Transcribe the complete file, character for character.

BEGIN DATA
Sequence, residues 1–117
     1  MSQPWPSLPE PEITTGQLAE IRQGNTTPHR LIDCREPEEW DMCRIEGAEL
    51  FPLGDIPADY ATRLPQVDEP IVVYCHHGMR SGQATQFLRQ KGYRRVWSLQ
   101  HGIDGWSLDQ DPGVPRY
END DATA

Sequence, residues 1–117
     1  MSQPWPSLPE PEITTGQLAE IRQGNTTPHR LIDCREPEEW DMCRIEGAEL
    51  FPLGDIPADY ATRLPQVDEP IVVYCHHGMR SGQATQFLRQ KGYRRVWSLQ
   101  HGIDGWSLDQ DPGVPRY